Salford Museum & Art Gallery. 30th June, 2018 to 24th February, 2019

Ordsall Hall, Salford, 20th May, 2018 to 7th October, 2018

Royal Academicians from Salford’s Collection

Edited by Amy Goodwin

Salford Museum & Art Gallery. 71 pages. £5. ISBN 978-1-910759-44-8

Reviewed by Charles Ashleigh

This year makes the 250th anniversary of the founding of the Royal Academy. Galleries around the country are marking the event by digging out paintings by Royal Academicians that they own. This seems to me an admirable thing to do. I’ve long been of the opinion that too many works of art are hidden away, and that local galleries ought to mount exhibitions of some of the best of them. There are plenty of themes that could be explored, and the curators wouldn’t need to worry about the expense of bringing in paintings or sculptures from other places.

The exhibitions at Salford Museum & Art Gallery and Ordsall Hall are good examples of what can be done with a little imagination. They aren’t large shows, and in Salford Art Gallery the exhibits are tidily contained in one room. But they have some good things. There are several paintings by William Roberts. I’m aware that some people look on him as always painting in the same way. Those tubular-looking figures seem to incline in a fashion that is similar in each of his canvases. And it’s true that, depending on the subject-matter, some paintings are better than others. The key work here is his 1940s “Munitions Factory”, with its workmen all busy hammering and wrenching away with spanners. Say what you want about Roberts, but his paintings are colourful and catch the eye. They’re also instantly recognisable.

There are works by Sickert, David Hockney, and some of Elisabeth Frink’s distinctive sculptures. An attractive Eileen Agar canvas stands out. She was associated with the surrealists, but her “Room with a View of the Moon” didn’t strike me as surrealistic in any strict sense of the word. It has too much of the real in it to fit that description. It’s a lively painting to look at no matter the label attached to it.

John Nash’s “Timber” is attractive and it’s easy to see why he was a successful book-illustrator. Another coastal setting can be observed in Charles Napier Hemy’s “St Ives Harbour, Cornwall”. Hemy was an accomplished marine artist. I’ve seen some of his paintings of stormy seas in Falmouth Art Gallery, but his view of St Ives is calm and quiet. Not a great painting, but pleasant.

It’s true that there are paintings that seem to me dull and perhaps produced to order. Portraits often strike me in that way, and John Mcallan Swan’s “Alexander Constantine Ionides” doesn’t seem to have any character about it. Ionides was an art patron and collector, which may be the still-interesting aspect of the work. I’m not suggesting that the portrait is less than competent in terms of technique, but good art ought to go beyond the merely competent. The same might be said of the portrait of Mrs Ionides, also by Swan.  Arnold Mason’s “Miss Cole” is much more provocative as a portrait. The lady in question does appear to come across as an individual.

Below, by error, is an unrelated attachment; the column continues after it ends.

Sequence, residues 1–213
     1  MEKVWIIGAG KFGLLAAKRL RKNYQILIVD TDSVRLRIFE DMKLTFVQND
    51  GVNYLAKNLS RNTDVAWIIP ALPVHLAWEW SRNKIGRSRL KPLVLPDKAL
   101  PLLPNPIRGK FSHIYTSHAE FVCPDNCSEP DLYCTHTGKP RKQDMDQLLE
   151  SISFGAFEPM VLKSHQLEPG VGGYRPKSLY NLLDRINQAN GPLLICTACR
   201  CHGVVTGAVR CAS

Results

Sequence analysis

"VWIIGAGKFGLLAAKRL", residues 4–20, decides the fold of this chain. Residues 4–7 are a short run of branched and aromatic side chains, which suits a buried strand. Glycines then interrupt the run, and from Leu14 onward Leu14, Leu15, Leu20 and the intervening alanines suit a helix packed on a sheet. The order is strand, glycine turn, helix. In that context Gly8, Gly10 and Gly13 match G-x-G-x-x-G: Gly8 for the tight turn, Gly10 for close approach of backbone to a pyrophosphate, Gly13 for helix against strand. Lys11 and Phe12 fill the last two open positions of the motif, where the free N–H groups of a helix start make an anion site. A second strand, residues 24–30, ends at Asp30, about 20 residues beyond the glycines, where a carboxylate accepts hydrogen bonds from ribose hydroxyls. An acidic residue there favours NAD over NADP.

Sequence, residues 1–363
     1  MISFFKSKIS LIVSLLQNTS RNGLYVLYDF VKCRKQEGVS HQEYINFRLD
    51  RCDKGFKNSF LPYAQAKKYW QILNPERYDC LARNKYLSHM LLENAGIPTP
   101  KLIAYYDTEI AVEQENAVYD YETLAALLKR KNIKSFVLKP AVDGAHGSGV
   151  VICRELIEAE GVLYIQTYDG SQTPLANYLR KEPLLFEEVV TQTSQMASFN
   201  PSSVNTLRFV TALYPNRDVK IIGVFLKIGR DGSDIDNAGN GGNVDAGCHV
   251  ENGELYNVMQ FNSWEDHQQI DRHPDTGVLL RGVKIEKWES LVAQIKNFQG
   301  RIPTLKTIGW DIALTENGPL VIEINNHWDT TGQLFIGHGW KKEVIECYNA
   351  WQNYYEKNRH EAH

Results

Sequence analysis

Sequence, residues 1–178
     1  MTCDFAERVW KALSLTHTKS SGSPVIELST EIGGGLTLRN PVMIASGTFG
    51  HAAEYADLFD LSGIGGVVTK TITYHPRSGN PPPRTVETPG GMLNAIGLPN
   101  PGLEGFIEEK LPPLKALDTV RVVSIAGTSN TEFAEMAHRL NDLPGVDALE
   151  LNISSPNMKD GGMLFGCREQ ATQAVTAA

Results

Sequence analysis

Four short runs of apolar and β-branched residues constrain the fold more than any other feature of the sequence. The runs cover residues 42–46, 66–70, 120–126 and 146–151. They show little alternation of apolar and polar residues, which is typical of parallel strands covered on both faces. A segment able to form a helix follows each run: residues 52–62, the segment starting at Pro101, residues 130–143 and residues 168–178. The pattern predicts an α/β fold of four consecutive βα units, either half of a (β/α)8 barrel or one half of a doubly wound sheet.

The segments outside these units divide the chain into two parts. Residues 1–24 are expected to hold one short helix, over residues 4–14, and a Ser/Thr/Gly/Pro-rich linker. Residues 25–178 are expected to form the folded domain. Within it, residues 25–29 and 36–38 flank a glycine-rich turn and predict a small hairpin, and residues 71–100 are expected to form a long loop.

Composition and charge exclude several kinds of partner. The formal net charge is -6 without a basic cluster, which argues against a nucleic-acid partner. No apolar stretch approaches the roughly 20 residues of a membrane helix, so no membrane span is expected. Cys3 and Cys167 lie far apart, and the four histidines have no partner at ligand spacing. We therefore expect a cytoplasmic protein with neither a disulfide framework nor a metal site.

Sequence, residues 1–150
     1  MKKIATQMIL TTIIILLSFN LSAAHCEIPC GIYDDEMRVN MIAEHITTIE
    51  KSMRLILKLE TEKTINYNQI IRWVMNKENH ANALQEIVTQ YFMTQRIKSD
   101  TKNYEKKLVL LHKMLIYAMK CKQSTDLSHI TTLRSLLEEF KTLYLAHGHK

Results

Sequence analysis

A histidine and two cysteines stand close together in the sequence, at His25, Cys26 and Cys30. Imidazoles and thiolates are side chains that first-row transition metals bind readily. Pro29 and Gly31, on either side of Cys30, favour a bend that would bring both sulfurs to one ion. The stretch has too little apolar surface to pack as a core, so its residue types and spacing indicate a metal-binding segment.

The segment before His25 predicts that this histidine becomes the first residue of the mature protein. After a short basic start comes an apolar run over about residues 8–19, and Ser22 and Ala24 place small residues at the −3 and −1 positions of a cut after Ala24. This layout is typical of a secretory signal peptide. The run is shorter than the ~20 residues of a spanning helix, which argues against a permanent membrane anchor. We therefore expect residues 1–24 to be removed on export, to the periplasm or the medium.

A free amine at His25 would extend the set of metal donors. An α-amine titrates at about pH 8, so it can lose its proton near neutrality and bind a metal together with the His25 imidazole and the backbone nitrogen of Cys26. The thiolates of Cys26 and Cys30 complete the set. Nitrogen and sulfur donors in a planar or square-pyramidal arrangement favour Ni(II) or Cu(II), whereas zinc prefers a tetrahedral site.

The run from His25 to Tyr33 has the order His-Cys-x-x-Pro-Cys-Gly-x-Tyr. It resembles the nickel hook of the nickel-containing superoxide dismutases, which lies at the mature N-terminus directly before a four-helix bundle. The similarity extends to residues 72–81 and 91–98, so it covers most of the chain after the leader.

It’s inevitable that any art collection delving back into the 19th century will have historical paintings, or those based on legends and the like. Philip Hermogenes Calderon’s “The Queen of the Tournament”, Charles Landseer’s “Aesop Composing His Fables”, and George Frederick Watts’ “Meeting of Esau and Jacob”, are no doubt of interest to art historians. They show what impressed the Royal Academy in their day, and point to the tastes of the local gallery committee members who decided to purchase them. There is, it’s true, evidence of skill in the composition and realisation of each. It may be just a personal prejudice that makes me react against paintings like these.

No-one will claim that most of the paintings on display are major works of art. They’re not, and one or two suggested to me a failure of the imagination when they were acquired. Sheila Fell’s “Houses Near Aspatria” looks bland and colourless. Perhaps it was meant to be that way, but if so it hardly makes for attractive art.  I’m still trying to work out what was thought so interesting about this painting that the gallery considered it worth displaying.

It was good to come across a Peter Coker on the walls. He tends to be overlooked these days, and was at one time associated with the so-called “Kitchen Sink” school of artists (John Bratby, Derrick Greaves,  Jack Smith,etc.) of the 1950s. And have a look at Roland Vivian Pitchforth’s “The Chess Players”, which seems to have nothing to do with chess, but positions two people in a way that makes it obvious that some sort of game is going on. It’s an amusing work, and one that invites a response in terms of questioning  the relationship between the people in the picture. An example of a painting that isn’t in any way significant as a work of art, but which somehow stays in the mind.

A well-produced small book has been published in conjunction with these exhibitions, and is reasonably priced. It isn’t a complete catalogue of all the paintings displayed, but is useful as guide to many of them.